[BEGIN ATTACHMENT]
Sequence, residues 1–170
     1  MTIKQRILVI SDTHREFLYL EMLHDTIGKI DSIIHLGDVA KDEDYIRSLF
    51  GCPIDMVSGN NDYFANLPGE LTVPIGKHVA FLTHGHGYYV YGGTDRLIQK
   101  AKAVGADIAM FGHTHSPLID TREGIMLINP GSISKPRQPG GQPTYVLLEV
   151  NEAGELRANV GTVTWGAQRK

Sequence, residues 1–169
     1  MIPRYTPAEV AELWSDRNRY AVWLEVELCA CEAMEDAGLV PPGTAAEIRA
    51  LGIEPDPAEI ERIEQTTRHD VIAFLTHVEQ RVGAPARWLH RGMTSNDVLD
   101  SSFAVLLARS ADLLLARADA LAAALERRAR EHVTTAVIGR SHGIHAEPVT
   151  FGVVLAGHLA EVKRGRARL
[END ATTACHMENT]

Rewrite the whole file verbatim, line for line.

Sequence, residues 1–170
     1  MTIKQRILVI SDTHREFLYL EMLHDTIGKI DSIIHLGDVA KDEDYIRSLF
    51  GCPIDMVSGN NDYFANLPGE LTVPIGKHVA FLTHGHGYYV YGGTDRLIQK
   101  AKAVGADIAM FGHTHSPLID TREGIMLINP GSISKPRQPG GQPTYVLLEV
   151  NEAGELRANV GTVTWGAQRK

Sequence, residues 1–169
     1  MIPRYTPAEV AELWSDRNRY AVWLEVELCA CEAMEDAGLV PPGTAAEIRA
    51  LGIEPDPAEI ERIEQTTRHD VIAFLTHVEQ RVGAPARWLH RGMTSNDVLD
   101  SSFAVLLARS ADLLLARADA LAAALERRAR EHVTTAVIGR SHGIHAEPVT
   151  FGVVLAGHLA EVKRGRARL